A new Kotaku interview with Blizzard’s Jeff Kaplan has shed new light on the state of Overwatch — you know, the game everyone played before Pokemon Go eclipsed the sun.
The interview focuses heavily on the game’s competitive mode, which evolved from a planned pre-made 6v6 matchup to one that allows solo queuing, with rank rewards alotted accordingly, but he also talks future plans. “We’ve talked about tons of basic stuff like getting rid of the coin flip and adding time bank to the payload stuff, but we’re really talking a lot about skill rating and trying to recalibrate how players think about skill rating for season 2 meaning right now,” Kaplan said. “We feel like a lot of the things we did in the UI and the numbers that we chose make players think if skill rating as a leveling system.”
He also rejects the idea that Overwatch is a MOBA and says Blizzard is working on toxicity, leavers, new levels, and new modes. “My dream is that we could do something cool each month that felt not just like a balance patch, but actually felt like a meaningful content or feature delivery each month and somehow the heroes and the maps are kind of cycling as parts of those things in addition to other stuff.”
Have you ever suffered from depression? Not just being sad, but full-blown clinical depression? It’s pretty horrible, and it prevents you from doing much of anything. Pokémon Go players are finding that the game helps out quite a bit, though; just having that motivation to get up, get dressed, and head out in the world can make a difference. So that’s all good, and it sheds more light on why the community is requesting more options to support disabled players such as those with muscle disorders and vision issues.
Of course, you might have no disabilities but just want an easier time finding where various pokémon are hiding, in which case the new Poke Radar map will provide you with exactly what you need by tracking where you can catch various monsters, assuming that you’re not being struck by the latest glitch to affect the game. (No word about Onix in the Caspian Sea.) You can also pick up a thematically appropriate Pokédex case for your phone.
Also worth noting is that the game is finally launching in Japan tomorrow with the game’s first sponsored location. So you won’t have to stop playing just because you’ve left the country, not that much of anything would stop fans at this point.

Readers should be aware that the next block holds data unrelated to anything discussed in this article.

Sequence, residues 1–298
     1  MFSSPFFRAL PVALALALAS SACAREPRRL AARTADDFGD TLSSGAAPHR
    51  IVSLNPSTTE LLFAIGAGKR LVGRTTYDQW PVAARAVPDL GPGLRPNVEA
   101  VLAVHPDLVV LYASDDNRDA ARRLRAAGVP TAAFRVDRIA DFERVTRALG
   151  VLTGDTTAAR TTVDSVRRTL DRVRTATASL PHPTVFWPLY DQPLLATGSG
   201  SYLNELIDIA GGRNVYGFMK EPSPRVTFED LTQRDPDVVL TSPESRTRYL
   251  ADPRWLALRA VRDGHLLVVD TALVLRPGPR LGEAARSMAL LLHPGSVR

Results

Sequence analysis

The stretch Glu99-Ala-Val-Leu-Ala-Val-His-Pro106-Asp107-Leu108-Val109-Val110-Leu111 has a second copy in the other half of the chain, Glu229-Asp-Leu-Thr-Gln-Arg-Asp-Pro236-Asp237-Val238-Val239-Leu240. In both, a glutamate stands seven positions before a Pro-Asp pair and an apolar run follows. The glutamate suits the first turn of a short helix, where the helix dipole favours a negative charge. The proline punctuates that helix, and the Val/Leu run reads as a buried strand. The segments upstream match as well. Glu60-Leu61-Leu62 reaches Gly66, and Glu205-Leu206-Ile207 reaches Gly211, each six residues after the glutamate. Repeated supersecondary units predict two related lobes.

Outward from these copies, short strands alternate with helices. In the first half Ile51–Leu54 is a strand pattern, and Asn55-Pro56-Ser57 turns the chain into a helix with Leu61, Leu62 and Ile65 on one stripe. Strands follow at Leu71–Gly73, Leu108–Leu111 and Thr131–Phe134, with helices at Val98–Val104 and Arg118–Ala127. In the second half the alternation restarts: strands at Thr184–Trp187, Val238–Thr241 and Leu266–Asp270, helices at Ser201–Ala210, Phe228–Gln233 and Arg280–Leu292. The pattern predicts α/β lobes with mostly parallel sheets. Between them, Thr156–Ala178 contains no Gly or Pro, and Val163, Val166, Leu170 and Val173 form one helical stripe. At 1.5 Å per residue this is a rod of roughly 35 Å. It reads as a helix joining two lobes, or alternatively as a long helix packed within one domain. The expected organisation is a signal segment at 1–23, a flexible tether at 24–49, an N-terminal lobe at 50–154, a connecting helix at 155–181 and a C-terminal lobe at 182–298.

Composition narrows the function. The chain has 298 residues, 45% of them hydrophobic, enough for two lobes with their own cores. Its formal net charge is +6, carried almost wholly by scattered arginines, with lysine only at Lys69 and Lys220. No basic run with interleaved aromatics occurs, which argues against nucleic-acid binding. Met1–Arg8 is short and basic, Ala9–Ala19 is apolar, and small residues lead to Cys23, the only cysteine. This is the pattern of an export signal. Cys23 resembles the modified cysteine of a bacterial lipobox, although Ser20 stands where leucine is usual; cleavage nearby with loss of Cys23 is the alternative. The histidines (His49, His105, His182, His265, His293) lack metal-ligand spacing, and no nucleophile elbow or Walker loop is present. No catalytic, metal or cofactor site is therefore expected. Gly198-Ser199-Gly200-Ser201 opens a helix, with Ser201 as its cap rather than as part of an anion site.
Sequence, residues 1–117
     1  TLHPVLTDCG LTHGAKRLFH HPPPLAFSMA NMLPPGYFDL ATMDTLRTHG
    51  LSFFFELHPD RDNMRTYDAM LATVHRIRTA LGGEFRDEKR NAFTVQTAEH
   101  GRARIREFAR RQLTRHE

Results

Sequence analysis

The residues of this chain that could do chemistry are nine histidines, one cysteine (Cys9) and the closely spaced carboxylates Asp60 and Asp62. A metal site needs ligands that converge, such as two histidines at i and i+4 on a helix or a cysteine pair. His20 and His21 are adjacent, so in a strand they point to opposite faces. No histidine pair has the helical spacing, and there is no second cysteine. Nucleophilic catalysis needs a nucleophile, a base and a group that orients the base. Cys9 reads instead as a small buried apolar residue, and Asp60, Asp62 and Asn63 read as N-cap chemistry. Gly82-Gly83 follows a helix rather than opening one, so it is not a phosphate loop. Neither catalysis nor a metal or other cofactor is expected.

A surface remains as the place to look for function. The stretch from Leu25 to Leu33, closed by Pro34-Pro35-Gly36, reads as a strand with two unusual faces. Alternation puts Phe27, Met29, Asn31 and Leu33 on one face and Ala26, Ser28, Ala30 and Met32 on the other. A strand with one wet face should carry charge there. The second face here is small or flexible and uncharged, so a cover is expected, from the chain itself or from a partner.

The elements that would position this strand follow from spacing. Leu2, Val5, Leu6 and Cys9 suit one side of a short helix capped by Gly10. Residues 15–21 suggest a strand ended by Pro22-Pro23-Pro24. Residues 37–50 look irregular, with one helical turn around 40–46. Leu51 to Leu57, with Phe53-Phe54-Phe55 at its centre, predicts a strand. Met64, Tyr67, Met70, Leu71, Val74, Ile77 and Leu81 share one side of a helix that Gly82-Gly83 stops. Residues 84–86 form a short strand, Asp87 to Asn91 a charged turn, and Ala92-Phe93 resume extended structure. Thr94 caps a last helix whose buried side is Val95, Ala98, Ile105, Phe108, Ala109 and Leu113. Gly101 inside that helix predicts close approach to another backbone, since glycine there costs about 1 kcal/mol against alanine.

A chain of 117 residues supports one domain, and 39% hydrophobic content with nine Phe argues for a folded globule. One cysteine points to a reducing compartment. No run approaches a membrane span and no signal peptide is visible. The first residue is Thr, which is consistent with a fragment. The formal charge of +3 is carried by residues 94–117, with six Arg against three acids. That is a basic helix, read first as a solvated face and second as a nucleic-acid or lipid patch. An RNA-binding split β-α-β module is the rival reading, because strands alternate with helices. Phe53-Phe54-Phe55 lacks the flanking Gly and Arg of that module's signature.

As Pokemon Go continues its rollout across the world, you might be wondering why it’s not in Japan yet. It’s because Japan is even more Pokemon-crazed than we are and would break the servers, basically. Here’s what else is happening with the MMOARG:
Earlier this week, one of the founding designers of the MMORPG genre, Raph Koster, penned a blog piece arguing that alternate reality games like Pokemon GO and Ingress are the evolution of MMORPGs, the virtual worlds that have come to us rather than transporting us to them. PvP, economics, and player-generated content combine to turn our phones into our games, he writes, and instead of being represented by an avatar of our choosing, we are our avatars. ARGs aren’t just “like” MMOs — they are MMOs.
I understand what Koster means and found myself nodding along when he started spelling out the pitfalls the ARG genre faces (and how similar they are to MMO traps). And maybe this is similar to the “is LARPing akin to a tabletop RPG” argument — incomprehensible to everyone but those right at the heart of the sub-genres. But at the same time, I’m not sure I agree, any more than I agree other branches in the MMO family tree are MMORPGs. What do you think? Are ARGs MMOs, MMORPGs, or none of the above? To the pollmobile!
I, like many others who were children throughout the ‘90s and early 2000s, went through a period in my young life where the only thing I wanted in life was to be a Pokemon master. I wanted to be the very best like no one ever was, the whole nine yards. My mom swears that when I was a wee lad of five or so, the top item on my Christmas list (which was of course intricately arranged in order of priority, because even five-year-old me was neurotic) was the rather large order of asking Santa to send me real, live Pokemon, which I was sure had to exist somewhere in the world. If we, the human race, possessed the technology to clone sheep, then surely Santa could just inject some lightning into a mouse and create a Pikachu. Five-year-old me’s logic was airtight.